Think about it
In VCE English they need to see the connections between the poems, to be able to talk about the big ideas. The students struggled with the concentrated language of poetry and I think I confused them a little by introducing Literature language to describe poetry structure.
We used basic reading strategies like looking for words we don’t know and then attempting to find images and emotions, but I was really struggling to get them to see the connections and identify themes. The other issue with English is ultimately in the exam students need to remember quotes to back up their ideas (unlike Literature where they are given passages to respond to).
It’s an oldie but a goodie to use the butcher’s paper brainstorm task but it got them working together in small groups and slowly, slowly their confidence at unpacking the poetry began to grow.
The next problem I faced was actually getting them to then translate this into a cohesive and sustained piece of writing in response to a prompt. This group seem extremely reluctant to write!
Talking to a colleague we nutted out the problems I was facing and tried to come up with solutions. I am at a new school and still coming to terms with the differences in resourcing. I have been used to 1:1 programs with students having anywhere anytime access to technology but that is not the case in this school. Due to the difficulty with access I tend to forget about the activities I may have used in the past. This professional conversation reminded me that a brainstorming program (like inspiration or bubbl.us) might offer a solution.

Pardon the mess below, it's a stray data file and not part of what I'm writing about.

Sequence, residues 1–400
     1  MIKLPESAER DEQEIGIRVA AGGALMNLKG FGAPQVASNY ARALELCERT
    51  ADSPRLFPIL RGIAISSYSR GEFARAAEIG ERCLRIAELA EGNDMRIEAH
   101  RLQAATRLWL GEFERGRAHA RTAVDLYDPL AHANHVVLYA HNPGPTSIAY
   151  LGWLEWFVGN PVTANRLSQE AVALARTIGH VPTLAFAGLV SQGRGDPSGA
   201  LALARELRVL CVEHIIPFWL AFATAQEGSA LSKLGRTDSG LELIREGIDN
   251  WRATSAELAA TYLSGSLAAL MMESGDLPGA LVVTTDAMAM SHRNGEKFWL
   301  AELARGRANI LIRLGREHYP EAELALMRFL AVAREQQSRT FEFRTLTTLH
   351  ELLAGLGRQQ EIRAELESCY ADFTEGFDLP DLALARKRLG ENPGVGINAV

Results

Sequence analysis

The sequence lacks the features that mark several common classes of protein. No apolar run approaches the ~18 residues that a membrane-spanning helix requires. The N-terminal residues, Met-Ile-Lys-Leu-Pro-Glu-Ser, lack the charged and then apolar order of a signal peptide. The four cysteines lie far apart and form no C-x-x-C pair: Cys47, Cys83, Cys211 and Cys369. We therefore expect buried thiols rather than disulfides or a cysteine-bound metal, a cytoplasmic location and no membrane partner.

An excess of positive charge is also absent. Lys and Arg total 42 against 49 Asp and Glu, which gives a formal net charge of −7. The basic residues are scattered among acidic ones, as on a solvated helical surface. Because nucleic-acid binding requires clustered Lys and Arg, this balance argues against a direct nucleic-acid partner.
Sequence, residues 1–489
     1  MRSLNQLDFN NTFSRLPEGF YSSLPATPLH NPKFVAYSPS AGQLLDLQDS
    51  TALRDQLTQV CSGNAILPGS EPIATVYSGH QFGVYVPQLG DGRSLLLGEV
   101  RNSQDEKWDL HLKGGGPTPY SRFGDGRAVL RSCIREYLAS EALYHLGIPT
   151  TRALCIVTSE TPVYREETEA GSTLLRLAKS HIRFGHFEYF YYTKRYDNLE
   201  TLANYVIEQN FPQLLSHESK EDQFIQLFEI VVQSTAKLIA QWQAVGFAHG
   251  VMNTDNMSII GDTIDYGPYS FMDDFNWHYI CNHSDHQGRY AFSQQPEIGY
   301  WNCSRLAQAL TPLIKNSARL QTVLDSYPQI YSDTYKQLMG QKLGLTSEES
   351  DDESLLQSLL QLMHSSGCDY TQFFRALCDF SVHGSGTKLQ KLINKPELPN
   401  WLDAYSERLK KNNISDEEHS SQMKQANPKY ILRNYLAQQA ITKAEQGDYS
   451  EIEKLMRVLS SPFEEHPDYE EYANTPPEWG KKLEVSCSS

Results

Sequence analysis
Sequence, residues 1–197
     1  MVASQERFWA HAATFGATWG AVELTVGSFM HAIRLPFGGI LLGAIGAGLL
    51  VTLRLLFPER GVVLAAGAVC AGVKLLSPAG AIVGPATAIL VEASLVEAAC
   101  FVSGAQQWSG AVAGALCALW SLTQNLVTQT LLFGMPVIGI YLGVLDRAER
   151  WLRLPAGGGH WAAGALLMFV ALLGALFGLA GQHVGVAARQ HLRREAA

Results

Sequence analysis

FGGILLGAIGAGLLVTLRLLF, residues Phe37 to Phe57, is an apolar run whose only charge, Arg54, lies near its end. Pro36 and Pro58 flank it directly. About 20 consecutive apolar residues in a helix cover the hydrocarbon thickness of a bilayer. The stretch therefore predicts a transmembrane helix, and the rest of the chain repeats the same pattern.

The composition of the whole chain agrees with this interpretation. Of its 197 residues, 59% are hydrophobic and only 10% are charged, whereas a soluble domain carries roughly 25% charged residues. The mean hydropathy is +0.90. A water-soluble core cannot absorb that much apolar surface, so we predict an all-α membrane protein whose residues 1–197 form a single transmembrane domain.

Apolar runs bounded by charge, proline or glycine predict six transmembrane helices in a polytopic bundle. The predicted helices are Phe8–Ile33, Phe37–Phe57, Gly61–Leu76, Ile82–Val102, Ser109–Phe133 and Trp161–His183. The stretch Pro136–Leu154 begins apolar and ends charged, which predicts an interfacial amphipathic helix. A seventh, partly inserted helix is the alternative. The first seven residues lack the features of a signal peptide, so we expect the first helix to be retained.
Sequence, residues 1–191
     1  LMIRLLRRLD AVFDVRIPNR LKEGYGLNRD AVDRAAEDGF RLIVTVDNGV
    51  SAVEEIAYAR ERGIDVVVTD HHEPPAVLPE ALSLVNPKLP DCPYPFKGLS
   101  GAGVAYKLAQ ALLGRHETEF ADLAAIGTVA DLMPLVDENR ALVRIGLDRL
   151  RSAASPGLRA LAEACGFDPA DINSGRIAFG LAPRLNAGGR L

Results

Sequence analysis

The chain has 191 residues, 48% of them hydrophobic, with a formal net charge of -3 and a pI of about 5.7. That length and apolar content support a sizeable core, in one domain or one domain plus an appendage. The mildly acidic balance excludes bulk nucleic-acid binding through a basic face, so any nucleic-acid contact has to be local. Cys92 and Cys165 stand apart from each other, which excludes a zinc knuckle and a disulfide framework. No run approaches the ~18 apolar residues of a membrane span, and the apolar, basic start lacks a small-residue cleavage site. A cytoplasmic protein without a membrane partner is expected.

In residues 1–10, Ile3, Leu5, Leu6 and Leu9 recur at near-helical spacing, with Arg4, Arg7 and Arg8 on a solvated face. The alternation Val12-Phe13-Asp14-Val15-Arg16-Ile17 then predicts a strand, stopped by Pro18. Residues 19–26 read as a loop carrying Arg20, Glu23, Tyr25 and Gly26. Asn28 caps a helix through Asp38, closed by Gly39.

If you consider SAMR models all I was doing was essentially using technology to replace the same activity we did on butcher’s paper but by asking the students to look at the group brainstorm and then produce their own (we ended up using Inspiration) it has re-engaged them with the thinking I need them to do.
They can make their diagrams look pretty by colour coding ideas, poems and quotes … They can move and delete ideas rather than crossing out … They can print or convert the diagram to word … They can easily check spelling or synonyms.
Just these few manipulations, that aren’t as easily done with textas on butcher’s paper, have allowed students to organise their thinking to the point that most of them have been able to make the jump to writing. I was able to get them to see that once they had followed an idea along a number of branches and added some quotes they were ready to move to writing … you kind of reach a critical mass where suddenly enough ideas add up to a paragraph.
In this case the difference the use of technology made was simply doing the same task a little more easily and, I suspect, using a computer rather than a pen just feels more natural to this generation.
Of course, it fell apart today when we couldn’t access the laptops … but that is another story!!!
How do you get your students to show their thinking?